closer but the precise timing cannot be predicted in advance. it is data dependent. but the uk will raise rates in the first half of next year, importantly, that has shifted back as arguably the fed may or may not have done depending whether you listen to what lockhart said. the pound is at an eight-year high. the second-best performing currency after the swiss franc where we've traded over the week. you can see the way the pound has fallen. the earnings were mixed in europe. standout is the giant danish biotech down 12%, 13%, deutsche post is lowering guidance for the year. good news, the fourth day of the week, fourth day the greek stock market has been open remember the banks were all you falling 30% limit down for the first three days? buyers today, buying in banks at 6 cents a share, 12 euro cents a share. actually the greek stock market overall today up 3.6%.
not that anybody cares. directly investing in athens. >> we've got other fish to fry, true. when we come back, major hearing in san francisco could decide the fate of uber and a ton of other companies in the sharing economy. details on that with the dow down almost 92. ♪ i built my business with passion. but i keep it growing by making every dollar count. that's why i have the spark cash card from capital one.
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here is your cnbc update. a strike shut down the london underground system for the second time this summer. union workers walked off the job amid a dispute how to implement the new 24-hour service on weekends. the death toll from an outbreak of legionnaire's disease in new york city risen to eight. 92 hospitalized, five cooling towers tested positive for the bacteria and that deadly disease is spread by inhaling contaminated water. a choking hazard prompted the recall of 500,000 baby oncies. the company precious cargo recalling the garments with a three-snap bottom closure because they can detach. sole from july 2014 through last month. 25 years after the notorious burglary of the isabella stewart gardener museum in boston, law enforcement officials seeking
assistance in identifying an unauthorized visitor before the theft. the footage shows unidentified man allowed into the museum by a security guard. the mystery deepens. that's our cnbc news update. let's get back to "squawk alley." it's a big day for uber. hearing in san francisco could go a long way in determining whether drivers are employees or independent contractors. scott is on the san francisco board of supervisors as well as san francisco county transportation authority. good morning. >> thanks for having me. >> do you have a dog in this fight? >> well, the judge and the lawyers will figure out what the law is and will move forward. but to me, as a policymaker, what matters is that these ride sharing services have transformed transportation in san francisco.
it used to be our cab system you could never predict whether you could get a cab. and now whether it's a cab, a ride share, people know that they're going to get a ride when they need one. and that's important. and we need to make sure that whatever happens, these services are able to survive and that this innovation continues. >> trying to read between the lines there, scott, sounds like maybe you would not be so much in favor of the workers or the drivers themselves looking for additional relief, that is fair? >> the workers, we want the workers to be treated fairly and compensated fairly, and this is a new industry and in various regulatory aspects, i think the system is working itself out and will eventually achieve some sort of equilibrium. to me, whatever the regulatory scheme is, we need to make sure that these companies are able to survive because this really is about people in san francisco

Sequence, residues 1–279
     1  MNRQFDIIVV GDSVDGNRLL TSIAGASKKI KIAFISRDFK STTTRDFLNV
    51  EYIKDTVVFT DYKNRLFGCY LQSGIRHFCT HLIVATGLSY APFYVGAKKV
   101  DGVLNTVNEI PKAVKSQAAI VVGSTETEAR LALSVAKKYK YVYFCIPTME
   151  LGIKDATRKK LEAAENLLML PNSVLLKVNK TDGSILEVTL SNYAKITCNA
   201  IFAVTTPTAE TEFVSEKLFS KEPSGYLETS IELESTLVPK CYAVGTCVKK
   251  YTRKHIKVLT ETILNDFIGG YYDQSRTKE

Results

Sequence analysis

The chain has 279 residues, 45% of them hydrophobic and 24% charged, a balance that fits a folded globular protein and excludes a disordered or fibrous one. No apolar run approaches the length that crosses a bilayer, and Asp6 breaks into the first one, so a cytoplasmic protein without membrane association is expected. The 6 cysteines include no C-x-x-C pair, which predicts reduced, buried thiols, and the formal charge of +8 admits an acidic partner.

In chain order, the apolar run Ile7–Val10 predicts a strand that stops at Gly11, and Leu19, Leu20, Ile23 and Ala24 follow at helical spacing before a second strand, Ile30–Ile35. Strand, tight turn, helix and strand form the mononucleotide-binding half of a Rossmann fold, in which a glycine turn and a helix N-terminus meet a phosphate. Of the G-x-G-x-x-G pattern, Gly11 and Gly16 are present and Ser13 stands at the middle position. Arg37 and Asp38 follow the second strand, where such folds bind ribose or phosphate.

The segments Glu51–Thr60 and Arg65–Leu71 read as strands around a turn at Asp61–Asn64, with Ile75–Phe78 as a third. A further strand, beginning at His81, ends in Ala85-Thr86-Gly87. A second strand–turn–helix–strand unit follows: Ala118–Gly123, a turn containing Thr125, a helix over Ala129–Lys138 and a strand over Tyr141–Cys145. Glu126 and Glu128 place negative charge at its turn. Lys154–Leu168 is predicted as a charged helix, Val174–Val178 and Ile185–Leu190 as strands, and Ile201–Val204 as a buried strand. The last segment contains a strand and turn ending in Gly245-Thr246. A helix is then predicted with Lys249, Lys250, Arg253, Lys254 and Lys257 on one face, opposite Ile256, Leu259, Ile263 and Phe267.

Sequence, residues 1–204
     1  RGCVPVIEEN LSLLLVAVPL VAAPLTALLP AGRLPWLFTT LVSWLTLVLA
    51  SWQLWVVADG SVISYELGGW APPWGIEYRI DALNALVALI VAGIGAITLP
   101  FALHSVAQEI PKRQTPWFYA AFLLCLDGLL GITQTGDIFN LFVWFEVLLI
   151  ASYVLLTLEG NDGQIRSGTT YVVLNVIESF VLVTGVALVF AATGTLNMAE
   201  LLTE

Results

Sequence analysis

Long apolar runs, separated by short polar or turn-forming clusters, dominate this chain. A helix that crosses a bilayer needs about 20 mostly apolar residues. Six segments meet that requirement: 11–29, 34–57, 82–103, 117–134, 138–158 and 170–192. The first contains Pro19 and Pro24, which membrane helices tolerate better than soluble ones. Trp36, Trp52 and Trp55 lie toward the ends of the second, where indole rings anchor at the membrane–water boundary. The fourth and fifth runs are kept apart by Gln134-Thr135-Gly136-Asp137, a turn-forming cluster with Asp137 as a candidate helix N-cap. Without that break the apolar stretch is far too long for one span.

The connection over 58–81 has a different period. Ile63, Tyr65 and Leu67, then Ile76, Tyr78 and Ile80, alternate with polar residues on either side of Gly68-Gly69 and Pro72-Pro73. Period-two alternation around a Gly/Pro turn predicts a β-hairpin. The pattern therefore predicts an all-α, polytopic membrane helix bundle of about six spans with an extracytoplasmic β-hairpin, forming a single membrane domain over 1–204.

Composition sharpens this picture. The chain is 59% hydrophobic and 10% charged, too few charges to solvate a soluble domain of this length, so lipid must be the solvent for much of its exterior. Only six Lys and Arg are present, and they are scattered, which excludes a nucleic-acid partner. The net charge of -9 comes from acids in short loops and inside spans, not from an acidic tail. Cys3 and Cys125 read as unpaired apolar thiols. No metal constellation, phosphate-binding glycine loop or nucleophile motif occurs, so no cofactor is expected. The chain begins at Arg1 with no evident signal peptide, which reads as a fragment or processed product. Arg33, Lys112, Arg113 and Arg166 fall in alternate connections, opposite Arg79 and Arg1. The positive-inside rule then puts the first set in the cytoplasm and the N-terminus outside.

being able to get around the city and the ride sharing services have transformed people's ability to do that. used to be if you called a cab you didn't know if it would come in a minute or 30 minutes or never. now people know that whether it's a cab or a ride share, something's going to come within a few minutes and you're going to be able to get where you're going without having to drive your own car around. >> scott, you're the capital of innovation in san francisco. as you said a lot of people like the services that uber offers here. so why not try to innovate some other way to protect employees instead of either/or classification that california judges said maybe is 20th century and outdated? there some other way, whether encouraging unions to help cover certain benefit for some workers, et cetera, to avoid having to make this in some ways false choice? >> well, you know, i think that there's going to be a lot of conversations about this new economy and how do we make sure
that all of our workers are treated fairly, taken care of, have the benefits that we expect in this country for workers while also making sure that new models of working are able to thrive. and so i think it will take some time to work that out. we all want to make sure that these workers are treated fairly and compensated fairly and have the same social safety net as other workers. and we need to do it in a way that allows innovation to occur because this innovation, ride sharing services, i cannot overstate the significant positive impact it's had for the residents and visitors to san francisco in terms of being able to get around our very crowded city. yeah. no, absolutely. you're talking to two people who live in new york and understand exactly what you mean. i mean, all that said, there have been some people who have tried to do some back of the envelope calculations on what would happen to uber's financials which, by the way, have been the topic of some discussion lately. if these drivers were included,